Media corporations, often called YouTube Networks (or Multi-Channel Networks), once ruled the creator space but their often predatory business model no longer works now that creators have concentrated much more power.
At the beginning of YouTube, there was no way for a creator to make money on the platform without signing with a Multi-Channel-Network (MCN) like Machinima, the first MCN focusing on gaming content. There were only a few options available to them at the time as well, sometimes as few as 1, which meant there was little to no competition over their signing agreements.
On top of this, many YouTubers, like young musicians or sports stars, didn’t know to read the fine print or hire a lawyer to do so and didn’t understand the ramifications of what they were signing.
Of course, these networks knew this so they wrote their contracts to squeeze as much money out of creators as possible. This often included perpetual contracts of as high as 50% of the creator’s revenue that also bound them to the network for “life and beyond.” Many of these contracts transferred ownership of all of their current and sometimes future content to the company as well.
Once a few more networks started to get into the business, competition increased and the contracts signed out of desperation a year or less earlier started to look even worse.
When startup creatives start to reach initial success (especially when they are young), they are all too often manipulated or coerced into signing predatory contracts that take most of the profits of their labor. This isn’t just true in the creator space either.
Many who signed these contracts have no recourse. Even though their industries started to become better and better for their peers, they were stuck with horrible contracts, and a large portion of them were forced to quit.
The Creator Space Isn’t Alone in the World of Predatory Contracts
Music artists are regularly signed under horrible deals to record labels, managers, sponsors, and more, though it seems that it is getting less common over time. One of the most infamous examples of this is one of the most popular boy bands of the 90s and 00s, NSYNC.
The band’s manager, con man Lou Pearlman, signed them under some of the worst contracts in the history of the music business. Pearlman used the bad contracts along with a heavy dose of manipulation to convince the band members that they would get a massive check after 3 years.
When that day came, each member of NSYNC received a $10,000 check for their 3 years of work, a pathetic sum that was much lower than minimum wage even at the time. He told them that they had to pay for the many extravagant gifts and dinners he gave over the past 3 years after (allegedly) manipulating them into believing that he was footing the bill.
Even worse, Pearlman told them that they were actually in debt for over $1 million dollars. Eventually, it was discovered that he stole over $300 million through a gargantuan Ponzi scheme over decades and he was sent to jail where he died.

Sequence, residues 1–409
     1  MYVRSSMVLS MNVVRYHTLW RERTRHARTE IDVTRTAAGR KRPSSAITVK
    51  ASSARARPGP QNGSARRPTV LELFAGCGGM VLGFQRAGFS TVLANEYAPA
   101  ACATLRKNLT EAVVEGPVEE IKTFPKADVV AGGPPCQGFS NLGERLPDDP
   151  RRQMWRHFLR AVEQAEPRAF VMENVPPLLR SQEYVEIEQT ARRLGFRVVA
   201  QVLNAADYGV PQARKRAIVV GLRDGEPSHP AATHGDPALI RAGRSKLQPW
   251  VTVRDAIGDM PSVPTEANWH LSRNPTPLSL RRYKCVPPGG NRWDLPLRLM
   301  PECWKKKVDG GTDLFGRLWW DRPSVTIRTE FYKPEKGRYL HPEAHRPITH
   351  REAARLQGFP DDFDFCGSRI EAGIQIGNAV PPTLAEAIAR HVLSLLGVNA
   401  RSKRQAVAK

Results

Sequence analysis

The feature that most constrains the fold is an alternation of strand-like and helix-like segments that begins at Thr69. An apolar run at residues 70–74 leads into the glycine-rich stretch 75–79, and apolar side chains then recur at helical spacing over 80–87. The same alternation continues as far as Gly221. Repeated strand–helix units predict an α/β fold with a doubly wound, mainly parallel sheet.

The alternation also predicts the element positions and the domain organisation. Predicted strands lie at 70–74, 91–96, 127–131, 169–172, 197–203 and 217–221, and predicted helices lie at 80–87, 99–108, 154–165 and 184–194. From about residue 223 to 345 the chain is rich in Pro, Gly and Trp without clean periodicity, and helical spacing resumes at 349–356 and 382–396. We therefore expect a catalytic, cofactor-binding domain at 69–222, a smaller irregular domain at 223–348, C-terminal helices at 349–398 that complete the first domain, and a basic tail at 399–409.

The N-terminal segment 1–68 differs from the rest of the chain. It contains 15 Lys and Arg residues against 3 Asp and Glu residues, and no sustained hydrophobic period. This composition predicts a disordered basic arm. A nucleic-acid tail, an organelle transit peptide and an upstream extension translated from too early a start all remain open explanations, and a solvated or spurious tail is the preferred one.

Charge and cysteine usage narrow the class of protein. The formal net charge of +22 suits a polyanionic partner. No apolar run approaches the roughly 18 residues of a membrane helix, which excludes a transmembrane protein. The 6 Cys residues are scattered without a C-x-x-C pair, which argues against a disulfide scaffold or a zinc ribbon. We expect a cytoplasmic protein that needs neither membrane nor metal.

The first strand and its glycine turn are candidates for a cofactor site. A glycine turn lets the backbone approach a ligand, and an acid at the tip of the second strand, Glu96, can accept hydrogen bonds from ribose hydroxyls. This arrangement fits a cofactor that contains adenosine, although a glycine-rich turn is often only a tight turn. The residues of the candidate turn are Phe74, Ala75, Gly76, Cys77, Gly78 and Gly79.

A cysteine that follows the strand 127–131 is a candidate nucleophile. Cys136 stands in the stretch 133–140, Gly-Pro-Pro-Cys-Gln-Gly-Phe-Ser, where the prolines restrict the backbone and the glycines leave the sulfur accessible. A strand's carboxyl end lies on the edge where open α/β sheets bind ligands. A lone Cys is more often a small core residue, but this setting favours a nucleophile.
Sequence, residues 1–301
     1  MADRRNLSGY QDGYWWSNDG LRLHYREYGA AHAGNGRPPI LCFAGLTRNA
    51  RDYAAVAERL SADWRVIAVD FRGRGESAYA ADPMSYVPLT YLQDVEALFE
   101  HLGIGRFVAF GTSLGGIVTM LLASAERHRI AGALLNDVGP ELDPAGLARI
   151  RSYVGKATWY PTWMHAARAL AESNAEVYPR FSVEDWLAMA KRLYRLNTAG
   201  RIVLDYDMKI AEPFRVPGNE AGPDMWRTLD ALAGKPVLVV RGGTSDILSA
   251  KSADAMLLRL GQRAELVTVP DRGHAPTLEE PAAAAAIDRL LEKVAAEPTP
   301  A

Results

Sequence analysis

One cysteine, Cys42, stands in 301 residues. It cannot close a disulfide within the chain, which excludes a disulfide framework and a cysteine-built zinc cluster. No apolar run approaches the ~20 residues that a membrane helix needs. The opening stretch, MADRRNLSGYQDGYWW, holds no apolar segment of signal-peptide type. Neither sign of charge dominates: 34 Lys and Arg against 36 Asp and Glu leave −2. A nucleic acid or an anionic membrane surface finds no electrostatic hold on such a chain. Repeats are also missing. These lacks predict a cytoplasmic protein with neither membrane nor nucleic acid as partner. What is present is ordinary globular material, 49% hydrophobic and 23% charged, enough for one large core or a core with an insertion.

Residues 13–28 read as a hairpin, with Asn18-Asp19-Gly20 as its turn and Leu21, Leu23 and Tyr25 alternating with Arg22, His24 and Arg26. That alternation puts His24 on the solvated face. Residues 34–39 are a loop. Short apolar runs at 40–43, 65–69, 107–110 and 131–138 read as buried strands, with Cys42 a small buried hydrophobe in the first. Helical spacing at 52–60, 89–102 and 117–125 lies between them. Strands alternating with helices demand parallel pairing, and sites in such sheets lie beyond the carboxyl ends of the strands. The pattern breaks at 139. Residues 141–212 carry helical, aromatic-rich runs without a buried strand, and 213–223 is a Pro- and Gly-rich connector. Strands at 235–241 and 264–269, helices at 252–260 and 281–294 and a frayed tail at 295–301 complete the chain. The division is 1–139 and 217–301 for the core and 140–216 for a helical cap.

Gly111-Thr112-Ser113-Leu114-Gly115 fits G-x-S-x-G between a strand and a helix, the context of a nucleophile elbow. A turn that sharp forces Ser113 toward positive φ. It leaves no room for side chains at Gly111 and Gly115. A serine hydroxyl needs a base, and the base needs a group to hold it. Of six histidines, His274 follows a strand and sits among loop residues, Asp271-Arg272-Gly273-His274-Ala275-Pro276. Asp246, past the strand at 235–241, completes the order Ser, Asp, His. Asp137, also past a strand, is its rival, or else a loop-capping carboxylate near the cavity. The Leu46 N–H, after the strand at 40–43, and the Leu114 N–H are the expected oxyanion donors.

The group revealed to the public how horribly they were being swindled and manipulated and yet more and more artists signed under predatory contracts.
Lance Bass, one of the members of NSYNC who created a documentary on YouTube about his troubles with Pearlman, explained why this still happened: “They knew they had horrible contracts because we presented that to the world, but they still had to sign it because, what else are you going to do? It’s this or nothing.”
In today’s world, with many more record labels and investors looking for a hit band or artist, this doesn’t happen as much (though it’s far from eradicated).
The same is true in the creator space. Affiliate marketers and businesses in general now better realize the power of creators on platforms like YouTube and Twitch.tv, opening up the possibilities for monetization. This, in turn, forces these companies to compete with better and better deals for the creators, improving the space as a whole.
A New Page For the Creator Space
While there are still examples of creators signing bad contracts, they generally have more power and are much better informed about their options.
One of the most promising examples of turnarounds in the space comes from the creators of the smash-hit YouTube channel Smosh, Anthony Padilla and Ian Hecox. They sold their company which included the YouTube channel and brand in 2011 to Defy Media.
They don’t claim to have been manipulated into a horrible deal or anything of the sort but they were clearly overworked and their relationship became dysfunctional in the next few years so much that they were eventually forced to split. Padilla left the channel and Hecox stayed on to keep it going.
Padilla went on to become an incredibly successful interviewer with his hit show “I spend a day with,” interviewing the likes of furries, Corpse Husband (the faceless YouTuber and musician), school shooting victims, and more.
Eventually, Defy Media collapsed and Smosh was acquired in 2019 by a separate pair of incredibly popular YouTube Creators, Rhett McLaughlin and Link Neal III, who run the Mythical Morning channel.
The pair were successful enough in their channel and its surrounding business dealings to make the acquisition because of the power concentrated in creators since the fall of the network model (along with their own hard work of course).
This year, Padilla and Hecox were finally able to buy Smosh back from McLaughlin and Neal because of their tremendous success in recent years and triumphantly returned with a new sketch on the main Smosh channel.
Padilla and Hecox aren’t the only creators benefitting from the power concentrating in the space. The industry (mostly YouTube and Twitch) pays much better overall, which is great for the community as a whole as it allows their favorite creators to make more and better content.
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